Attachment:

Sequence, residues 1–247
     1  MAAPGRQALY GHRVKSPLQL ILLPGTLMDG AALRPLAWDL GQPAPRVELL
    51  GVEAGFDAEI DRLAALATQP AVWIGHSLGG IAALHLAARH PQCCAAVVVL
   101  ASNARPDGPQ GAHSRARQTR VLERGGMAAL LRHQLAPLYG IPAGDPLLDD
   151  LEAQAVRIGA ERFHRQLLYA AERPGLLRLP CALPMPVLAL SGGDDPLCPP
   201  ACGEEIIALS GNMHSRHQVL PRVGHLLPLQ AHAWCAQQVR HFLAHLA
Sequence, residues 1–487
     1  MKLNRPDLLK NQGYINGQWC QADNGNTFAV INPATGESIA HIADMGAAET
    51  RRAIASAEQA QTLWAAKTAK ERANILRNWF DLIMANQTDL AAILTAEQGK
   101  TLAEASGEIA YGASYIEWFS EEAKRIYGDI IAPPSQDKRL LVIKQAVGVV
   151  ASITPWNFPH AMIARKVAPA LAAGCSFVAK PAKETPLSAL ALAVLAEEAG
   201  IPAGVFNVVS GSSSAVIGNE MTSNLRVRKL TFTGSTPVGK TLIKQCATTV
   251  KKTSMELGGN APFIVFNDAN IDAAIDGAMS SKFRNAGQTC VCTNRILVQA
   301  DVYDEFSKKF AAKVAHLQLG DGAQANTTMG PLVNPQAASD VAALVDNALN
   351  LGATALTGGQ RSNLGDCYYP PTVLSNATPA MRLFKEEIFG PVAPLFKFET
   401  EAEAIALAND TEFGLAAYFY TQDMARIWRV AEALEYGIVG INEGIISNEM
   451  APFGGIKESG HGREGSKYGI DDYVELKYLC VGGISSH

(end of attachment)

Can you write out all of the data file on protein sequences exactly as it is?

Sequence, residues 1–247
     1  MAAPGRQALY GHRVKSPLQL ILLPGTLMDG AALRPLAWDL GQPAPRVELL
    51  GVEAGFDAEI DRLAALATQP AVWIGHSLGG IAALHLAARH PQCCAAVVVL
   101  ASNARPDGPQ GAHSRARQTR VLERGGMAAL LRHQLAPLYG IPAGDPLLDD
   151  LEAQAVRIGA ERFHRQLLYA AERPGLLRLP CALPMPVLAL SGGDDPLCPP
   201  ACGEEIIALS GNMHSRHQVL PRVGHLLPLQ AHAWCAQQVR HFLAHLA
Sequence, residues 1–487
     1  MKLNRPDLLK NQGYINGQWC QADNGNTFAV INPATGESIA HIADMGAAET
    51  RRAIASAEQA QTLWAAKTAK ERANILRNWF DLIMANQTDL AAILTAEQGK
   101  TLAEASGEIA YGASYIEWFS EEAKRIYGDI IAPPSQDKRL LVIKQAVGVV
   151  ASITPWNFPH AMIARKVAPA LAAGCSFVAK PAKETPLSAL ALAVLAEEAG
   201  IPAGVFNVVS GSSSAVIGNE MTSNLRVRKL TFTGSTPVGK TLIKQCATTV
   251  KKTSMELGGN APFIVFNDAN IDAAIDGAMS SKFRNAGQTC VCTNRILVQA
   301  DVYDEFSKKF AAKVAHLQLG DGAQANTTMG PLVNPQAASD VAALVDNALN
   351  LGATALTGGQ RSNLGDCYYP PTVLSNATPA MRLFKEEIFG PVAPLFKFET
   401  EAEAIALAND TEFGLAAYFY TQDMARIWRV AEALEYGIVG INEGIISNEM
   451  APFGGIKESG HGREGSKYGI DDYVELKYLC VGGISSH